Funeral directors blast Gov’t over decision to ban burials
The Funeral Directors’ Association of Jamaica has blasted Prime Minister Andrew Holness for his Government’s decision to ban funerals and burials from March 8 to 22.
Melvin Honeyghan, president of the Funeral Directors’ Association of Jamaica, told The Gleaner that he is unhappy with the manner in which the Government has handled the ban on burials and funerals.
“How could you as a leader of a country choose to put a hold on burials? I think the Government should be saying a timeline to bury and not a timeline to stop burial. Now if I were in his chair, maybe if I even put a stop order on funerals, I would not put it on burials.”
“We have reached a point where the prime minister is now saying no issuing of burial orders, and that is total madness, craziness because it’s not only funerals that are placed on stop order, cremation is also being stopped, because you cannot proceed to do a cremation without the burial order, so putting the whole country upside down is totally wrong.”
Honeyghan, who is also the director of Honeyghan’s Funeral Service and Crematorium, said the Government’s decision to limit the number of persons at weddings to 25 is ill-advised.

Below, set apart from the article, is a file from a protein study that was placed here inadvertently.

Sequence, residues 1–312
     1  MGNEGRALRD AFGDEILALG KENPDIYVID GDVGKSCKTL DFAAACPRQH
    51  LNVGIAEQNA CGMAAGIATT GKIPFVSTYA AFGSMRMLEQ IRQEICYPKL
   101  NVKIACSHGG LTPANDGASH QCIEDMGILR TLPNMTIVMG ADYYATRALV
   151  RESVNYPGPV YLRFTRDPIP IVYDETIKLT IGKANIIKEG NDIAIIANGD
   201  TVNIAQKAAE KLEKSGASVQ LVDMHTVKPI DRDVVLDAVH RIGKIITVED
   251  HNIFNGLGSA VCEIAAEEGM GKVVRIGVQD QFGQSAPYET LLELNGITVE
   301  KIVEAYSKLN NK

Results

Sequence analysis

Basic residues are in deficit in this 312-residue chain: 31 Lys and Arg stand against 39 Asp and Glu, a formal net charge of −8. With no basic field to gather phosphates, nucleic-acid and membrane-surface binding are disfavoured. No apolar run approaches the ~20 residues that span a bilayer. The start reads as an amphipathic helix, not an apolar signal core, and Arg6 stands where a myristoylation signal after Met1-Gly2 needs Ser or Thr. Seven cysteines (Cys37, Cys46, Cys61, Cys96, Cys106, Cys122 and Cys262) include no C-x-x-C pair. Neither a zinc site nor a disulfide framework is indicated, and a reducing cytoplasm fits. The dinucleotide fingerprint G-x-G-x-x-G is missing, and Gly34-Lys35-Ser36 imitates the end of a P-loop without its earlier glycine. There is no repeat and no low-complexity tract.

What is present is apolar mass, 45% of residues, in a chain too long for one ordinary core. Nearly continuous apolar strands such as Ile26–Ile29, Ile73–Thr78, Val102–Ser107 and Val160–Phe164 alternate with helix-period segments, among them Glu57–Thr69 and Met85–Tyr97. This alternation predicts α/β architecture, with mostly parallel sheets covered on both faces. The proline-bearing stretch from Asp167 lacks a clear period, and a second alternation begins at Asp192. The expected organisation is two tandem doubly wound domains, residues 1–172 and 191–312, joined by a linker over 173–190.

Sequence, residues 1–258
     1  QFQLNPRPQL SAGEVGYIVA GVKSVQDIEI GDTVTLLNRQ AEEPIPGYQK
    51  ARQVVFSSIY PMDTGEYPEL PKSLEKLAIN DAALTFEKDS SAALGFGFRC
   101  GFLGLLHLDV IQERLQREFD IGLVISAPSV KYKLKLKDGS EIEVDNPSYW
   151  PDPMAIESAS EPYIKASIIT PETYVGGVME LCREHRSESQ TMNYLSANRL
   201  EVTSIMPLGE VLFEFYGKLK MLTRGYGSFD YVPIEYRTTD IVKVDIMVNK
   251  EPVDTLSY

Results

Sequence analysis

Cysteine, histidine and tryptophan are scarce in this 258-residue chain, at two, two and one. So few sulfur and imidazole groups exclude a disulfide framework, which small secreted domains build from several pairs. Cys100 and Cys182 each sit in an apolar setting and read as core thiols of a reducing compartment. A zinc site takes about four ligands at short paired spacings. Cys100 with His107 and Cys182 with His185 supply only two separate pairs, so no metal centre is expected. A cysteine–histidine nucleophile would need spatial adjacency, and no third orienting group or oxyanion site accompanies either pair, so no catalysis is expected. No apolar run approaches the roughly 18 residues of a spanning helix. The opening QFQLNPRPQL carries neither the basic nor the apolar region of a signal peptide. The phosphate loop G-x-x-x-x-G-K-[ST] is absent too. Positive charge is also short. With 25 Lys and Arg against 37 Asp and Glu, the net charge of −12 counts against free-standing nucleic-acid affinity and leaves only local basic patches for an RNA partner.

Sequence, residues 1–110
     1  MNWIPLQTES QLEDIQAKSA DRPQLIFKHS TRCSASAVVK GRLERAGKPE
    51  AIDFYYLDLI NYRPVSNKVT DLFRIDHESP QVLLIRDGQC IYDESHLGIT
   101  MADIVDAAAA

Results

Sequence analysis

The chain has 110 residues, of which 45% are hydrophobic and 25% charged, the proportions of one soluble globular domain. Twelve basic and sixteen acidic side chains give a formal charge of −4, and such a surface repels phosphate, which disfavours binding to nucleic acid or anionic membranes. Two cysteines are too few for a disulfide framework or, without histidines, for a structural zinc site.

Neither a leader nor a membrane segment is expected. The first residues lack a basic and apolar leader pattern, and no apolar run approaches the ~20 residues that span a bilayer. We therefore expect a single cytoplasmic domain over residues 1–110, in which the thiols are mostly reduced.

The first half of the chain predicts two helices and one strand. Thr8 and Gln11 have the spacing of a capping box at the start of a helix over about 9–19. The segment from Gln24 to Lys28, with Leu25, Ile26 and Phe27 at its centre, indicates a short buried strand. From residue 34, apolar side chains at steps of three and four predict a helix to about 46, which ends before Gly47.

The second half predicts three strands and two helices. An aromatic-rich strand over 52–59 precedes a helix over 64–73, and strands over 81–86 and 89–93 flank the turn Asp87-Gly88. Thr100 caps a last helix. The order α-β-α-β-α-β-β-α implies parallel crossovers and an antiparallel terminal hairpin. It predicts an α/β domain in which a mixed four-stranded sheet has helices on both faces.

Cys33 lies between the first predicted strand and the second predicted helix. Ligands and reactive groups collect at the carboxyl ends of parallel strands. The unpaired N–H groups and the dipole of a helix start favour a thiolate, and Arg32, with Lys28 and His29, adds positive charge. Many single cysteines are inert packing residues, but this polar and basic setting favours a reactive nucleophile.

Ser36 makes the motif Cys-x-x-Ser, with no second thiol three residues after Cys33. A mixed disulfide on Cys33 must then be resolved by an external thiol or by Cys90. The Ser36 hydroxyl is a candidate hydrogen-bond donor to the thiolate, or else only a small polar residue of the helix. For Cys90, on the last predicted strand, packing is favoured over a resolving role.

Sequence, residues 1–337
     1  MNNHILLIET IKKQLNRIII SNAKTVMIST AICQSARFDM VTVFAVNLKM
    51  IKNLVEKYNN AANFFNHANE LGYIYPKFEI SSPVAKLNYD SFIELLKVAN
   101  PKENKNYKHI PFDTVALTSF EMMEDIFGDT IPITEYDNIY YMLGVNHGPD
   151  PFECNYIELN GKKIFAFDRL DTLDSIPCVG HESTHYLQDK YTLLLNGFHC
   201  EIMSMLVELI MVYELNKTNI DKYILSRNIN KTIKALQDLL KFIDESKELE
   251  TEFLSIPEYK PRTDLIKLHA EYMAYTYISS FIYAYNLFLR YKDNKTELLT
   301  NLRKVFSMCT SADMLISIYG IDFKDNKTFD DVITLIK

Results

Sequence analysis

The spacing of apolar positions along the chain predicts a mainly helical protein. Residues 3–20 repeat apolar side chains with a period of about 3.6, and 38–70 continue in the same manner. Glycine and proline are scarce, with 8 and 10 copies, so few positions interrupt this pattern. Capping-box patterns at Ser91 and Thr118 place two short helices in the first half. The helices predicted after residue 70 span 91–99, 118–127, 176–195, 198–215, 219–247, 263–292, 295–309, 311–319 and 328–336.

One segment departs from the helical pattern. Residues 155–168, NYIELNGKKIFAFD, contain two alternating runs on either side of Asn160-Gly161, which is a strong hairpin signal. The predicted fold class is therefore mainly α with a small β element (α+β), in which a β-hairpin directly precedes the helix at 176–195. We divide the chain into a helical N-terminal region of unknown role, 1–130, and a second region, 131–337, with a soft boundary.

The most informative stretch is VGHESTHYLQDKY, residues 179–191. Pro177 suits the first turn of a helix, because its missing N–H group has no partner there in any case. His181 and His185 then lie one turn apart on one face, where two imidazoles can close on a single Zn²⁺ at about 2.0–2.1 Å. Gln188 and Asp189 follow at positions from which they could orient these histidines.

“Now how could a wedding which is not such an important factor be given 25 people, and a funeral be given 10. A wedding needs two party, husband and wife, the minister and a witness, that’s all the wedding needs.”
“A wedding will go on for hours, that’s much more mix and mingle than that of a funeral, which can last for an hour and everything is over. Now is it that the prime minister is behaving like certain parishes where the grass is dry, but the farmer places a green reflector over the cows eyes to let it appear that the grass is green, in order for that cow to feed,” Honeyghan stated.
Another prominent Funeral Director, Dr Robert Doyley, managing director of Doyle’s Funeral Service in Westmoreland, told The Gleaner that the prime minister should have had some form of dialogue with the funeral directors before a decision was taken.
“In so doing, it would have given the prime minister, the funeral homes, and even other affiliated agencies an opportunity to sort of streamline how this could be more workable, but, it’s like a sudden thing, and the families themselves have become so excited, but not in a good way, and you hear people talking about, you haven’t heard them put stipulations on weddings, for example, but on funerals, why.”
Doyley’s Funeral Service is the largest government contractor across western Jamaica.
“The thing is, some funeral homes would not have a problem with storage, some might, but in our situation, we have adequate storage, so it would not affect us, but what affects us is having to now coordinate funerals because people have already come and arrange funerals, even paid for their packages, and that is going to pose some hardship as families are coming out from abroad with a time frame that already been set, and that’s an issue,” Dr Doyley stated.